Saturday, April 21, 2018

Penguins must find way to finish off Flyers


By Kevin Gorman
April 20, 2018

Michal Neuvirth #30 of the Philadelphia Flyers makes a save against the Pittsburgh Penguins in Game Five of the Eastern Conference First Round during the 2018 NHL Stanley Cup Playoffs at PPG PAINTS Arena on April 20, 2018 in Pittsburgh, Pennsylvania. (Photo by Matt Kincaid/Getty Images)

Philadelphia left the Flyers for dead, what with the Wells Fargo Center crowd booing them off the ice at the end of the second period in Game 4.
With a 3-1 series lead, all the Penguins had to do was put the finishing touches on this Stanley Cup playoffs first-round matchup by burying their cross-state nemesis.
We got the dirt.
The shovel?
The Penguins handed that to the Flyers, allowing them to dig their way out with 4-2 victory in Game 5 Friday night at PPG Paints Arena.
“It's tough,” Penguins goalie Matt Murray said. “The elimination game is probably the hardest game of them all.”
Need evidence? Mike Sullivan has led the Penguins to back-to-back Stanley Cup championships, but they are 8-7 in elimination games.
On the brink of elimination, the Flyers brought buckets of desperation.
“I think it's simpler than everybody would think: You're fighting to stay alive,” Flyers coach Dave Hakstol said. “Our team has done a lot of really good things this year: We've gone through some tough stretches, but we found a way to gain 98 points through the regular season and we had to battle really hard to do it.
“We continue to grow. Tonight wasn't about growing. Tonight was about getting this thing to Game 6.”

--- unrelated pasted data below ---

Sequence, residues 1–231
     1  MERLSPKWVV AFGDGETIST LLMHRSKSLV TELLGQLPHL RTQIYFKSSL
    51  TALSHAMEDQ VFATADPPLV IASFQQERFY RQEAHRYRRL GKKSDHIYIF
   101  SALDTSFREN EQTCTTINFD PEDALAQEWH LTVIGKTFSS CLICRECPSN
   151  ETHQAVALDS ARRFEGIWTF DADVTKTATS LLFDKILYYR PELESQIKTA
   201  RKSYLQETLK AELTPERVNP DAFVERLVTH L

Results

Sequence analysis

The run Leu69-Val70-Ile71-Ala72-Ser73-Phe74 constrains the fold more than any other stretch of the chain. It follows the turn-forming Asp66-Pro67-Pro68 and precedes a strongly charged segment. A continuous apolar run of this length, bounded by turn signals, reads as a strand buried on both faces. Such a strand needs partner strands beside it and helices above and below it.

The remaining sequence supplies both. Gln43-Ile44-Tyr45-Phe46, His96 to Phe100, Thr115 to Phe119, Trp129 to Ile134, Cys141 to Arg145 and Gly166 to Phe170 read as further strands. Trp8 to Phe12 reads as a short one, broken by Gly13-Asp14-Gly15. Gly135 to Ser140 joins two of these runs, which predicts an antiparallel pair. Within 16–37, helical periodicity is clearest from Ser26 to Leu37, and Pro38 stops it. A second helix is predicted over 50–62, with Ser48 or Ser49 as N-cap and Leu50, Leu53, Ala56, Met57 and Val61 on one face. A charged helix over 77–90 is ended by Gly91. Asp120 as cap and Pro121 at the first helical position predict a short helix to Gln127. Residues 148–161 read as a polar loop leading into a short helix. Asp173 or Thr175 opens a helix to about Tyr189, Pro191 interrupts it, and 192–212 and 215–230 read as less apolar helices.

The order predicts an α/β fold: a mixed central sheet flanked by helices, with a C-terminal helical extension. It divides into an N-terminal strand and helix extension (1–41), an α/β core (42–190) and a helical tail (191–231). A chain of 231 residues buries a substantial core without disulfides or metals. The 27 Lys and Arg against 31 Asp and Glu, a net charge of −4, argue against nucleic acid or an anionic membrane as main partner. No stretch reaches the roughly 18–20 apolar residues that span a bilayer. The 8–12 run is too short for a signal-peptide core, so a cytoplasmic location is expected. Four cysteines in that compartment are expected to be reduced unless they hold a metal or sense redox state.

The Flyers did everything they could to extend a series where they had been overmatched and outscored 17-1 in three lopsided losses.
What's crazy about this series is that the Penguins and Flyers have each won a pair of games on the road. Outside of Game 1, home ice has meant next to nothing.
“We didn't play well at home,” Hakstol said. “It's hard, when you have two games back-to-back like that in your building — not just end results on your scoreboard.
“We didn't feel like we played well. I think we needed the 24 hours in between, just to clear our heads and get our focus back on this one. We wanted to make sure it was a real hard game for them. I think we had our minds set on bringing this series back home, and our players went out and played that way.”
Hakstol didn't just switch goalies but got better play from Michal Neuvirth than he had from Brian Elliott. And Neuvirth hadn't played a full game since late February.
The Flyers didn't just overcome five minor penalties by killing the Penguins' power play, but Valtteri Filppula even scored a series-changing, short-handed goal to tie the score 2-2.
The Flyers didn't just turn to an injured player for a boost, but Sean Couturier returned after an accidental collision with teammate Radko Gudas in Tuesday's practice to score the winner with 1 minute, 15 seconds left.
And the Penguins had no one to blame but themselves — for giving up the first goal to Claude Giroux, for blowing a 2-1 lead with a costly turnover and for allowing the Flyers to steal a game and extend the series.
“We've just got to put it behind us and go play another game,” Sullivan said. “We've got to win a game. From our standpoint, nothing's changed. We've got to win a game. We're disappointed we didn't get it done.”
That the Penguins didn't get it done on a power play that went from superb (4 for 11 in Games 3 and 4) to stagnant (0 for 5 in Game 5) is a troubling sign.